Ralph Buehler, a professor of urban affairs and planning at Virginia Tech and an expert on bicycling safety, agreed that it’s hard to isolate the effect of road art. “If the art narrows the traffic lane or makes a turn more difficult or slower for motor vehicles,” Buehler said, “the effect may not come from the art but from the change in travel lane width, turn radius, etc.” In other words, road art might help as part of a larger package of safety improvements.

So what’s happening with road art in Chapel Hill? We have drain murals and a few painted crosswalks, but no fully painted intersections. Opinions vary on whether the town should go in for more road art.

“I would love to do asphalt art,” Bergen Watterson, Chapel Hill’s transportation planning manager told me, “especially around schools or recreation centers.” Watterson thinks road art projects are good community-building activities that “allow residents to feel a sense of ownership over the road, and hopefully drive more carefully.”

Not everyone is equally enthusiastic. Steve Wright, public art coordinator for Chapel Hill, said that an assessment by the town’s cultural arts commission determined that road art projects are more expensive to install and maintain, and less durable, than other public art options, such as drain murals, painted bike racks, and murals on OWASA water pipes.

Wright also noted that a 2013 memo from the Federal Highway Administration (FHWA) advised against eye-grabbing road art projects on the grounds that they don’t improve safety and can distract drivers. The memo cites no studies. It merely invokes an earlier FHWA ruling from 2001 that said crosswalk enhancements “have no discernible effect on safety or crash reduction.”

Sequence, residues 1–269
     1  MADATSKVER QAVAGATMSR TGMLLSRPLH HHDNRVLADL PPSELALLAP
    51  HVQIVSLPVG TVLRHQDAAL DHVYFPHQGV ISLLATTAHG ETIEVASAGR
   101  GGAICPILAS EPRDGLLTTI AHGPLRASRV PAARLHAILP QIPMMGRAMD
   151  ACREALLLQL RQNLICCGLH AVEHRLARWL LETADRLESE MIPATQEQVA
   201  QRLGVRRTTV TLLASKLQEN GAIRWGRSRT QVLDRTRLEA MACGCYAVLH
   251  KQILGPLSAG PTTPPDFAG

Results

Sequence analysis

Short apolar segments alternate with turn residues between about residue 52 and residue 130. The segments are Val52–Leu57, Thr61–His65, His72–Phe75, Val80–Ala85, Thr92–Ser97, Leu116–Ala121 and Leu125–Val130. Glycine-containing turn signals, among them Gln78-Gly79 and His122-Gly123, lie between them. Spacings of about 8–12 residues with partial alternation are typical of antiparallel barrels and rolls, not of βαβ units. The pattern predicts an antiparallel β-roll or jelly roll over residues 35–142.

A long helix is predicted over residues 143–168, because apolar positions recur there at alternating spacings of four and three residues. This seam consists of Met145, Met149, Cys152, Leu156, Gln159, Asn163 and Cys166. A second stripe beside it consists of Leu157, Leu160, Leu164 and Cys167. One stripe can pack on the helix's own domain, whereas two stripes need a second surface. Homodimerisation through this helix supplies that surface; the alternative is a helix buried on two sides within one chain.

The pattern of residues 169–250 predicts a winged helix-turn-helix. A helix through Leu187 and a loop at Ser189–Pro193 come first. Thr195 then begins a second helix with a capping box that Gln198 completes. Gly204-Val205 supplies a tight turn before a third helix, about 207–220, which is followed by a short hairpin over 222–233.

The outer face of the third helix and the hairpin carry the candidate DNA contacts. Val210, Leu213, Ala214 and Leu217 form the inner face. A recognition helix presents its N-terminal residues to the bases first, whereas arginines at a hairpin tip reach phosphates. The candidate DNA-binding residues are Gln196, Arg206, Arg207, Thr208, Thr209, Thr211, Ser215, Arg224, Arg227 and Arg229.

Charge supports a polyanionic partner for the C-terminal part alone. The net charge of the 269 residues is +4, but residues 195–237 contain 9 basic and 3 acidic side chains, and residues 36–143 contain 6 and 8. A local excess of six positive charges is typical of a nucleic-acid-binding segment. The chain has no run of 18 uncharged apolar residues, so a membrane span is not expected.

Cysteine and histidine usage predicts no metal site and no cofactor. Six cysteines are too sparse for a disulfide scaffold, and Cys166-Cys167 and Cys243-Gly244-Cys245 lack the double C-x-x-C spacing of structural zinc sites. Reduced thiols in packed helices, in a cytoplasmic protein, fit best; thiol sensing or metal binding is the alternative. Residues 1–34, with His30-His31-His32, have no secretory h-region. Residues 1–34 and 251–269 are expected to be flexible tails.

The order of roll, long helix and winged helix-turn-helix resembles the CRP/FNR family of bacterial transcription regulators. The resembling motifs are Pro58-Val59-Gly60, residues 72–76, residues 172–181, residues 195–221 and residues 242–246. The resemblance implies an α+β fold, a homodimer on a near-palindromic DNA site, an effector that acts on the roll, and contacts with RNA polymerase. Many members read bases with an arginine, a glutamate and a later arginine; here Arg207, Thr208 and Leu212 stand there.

Despite FHWA discouragement, some cities have gone ahead with road art projects, claiming that the FHWA’s position is not based on evidence but on a stodgy interpretation of the Manual on Uniform Traffic Control Devices for Streets and Highways—the federal book of rules governing road signs and signals. Ames, Iowa, for example, was not deterred.

Painted crosswalks at Cameron Avenue and Wilson Street near the UNC-Chapel Hill campus echo the design of the Old Well. Road art by Rachel Herrick. Photo courtesy of Town of Chapel Hill.

After Ames, home to Iowa State University, painted some of its crosswalks in diverse colors as a way to celebrate inclusivity, the FHWA sent the city a request that the crosswalks be removed. According to a story in the New York Times, the city council voted to ignore the letter.

The Times story quotes Michael Lydon, an urban designer who helps cities develop road art projects, as saying that the FHWA position is not grounded in data. “There are hundreds [of road art projects] around the country if not thousands around the world,” Lydon told the Times, “and I don’t know of any study that has been able to show that they are actually causing any problems.”

The story also reported that the FHWA was unable to point to any research showing that rainbow markings in crosswalks had a negative effect on safety.

What’s not in doubt is that we are facing a roadway safety crisis. While pedestrian and cyclist death rates have been declining across Europe, the rates in the U.S. have been rising. So it’s time to try anything that might slow drivers down and foster more community spirit behind the wheel. If road art can do that, and we now have evidence that it can, then bring on the paint.

Michael Schwalbe is a retired professor of sociology and an unretired cyclist. He has lived in Chapel Hill since 1990.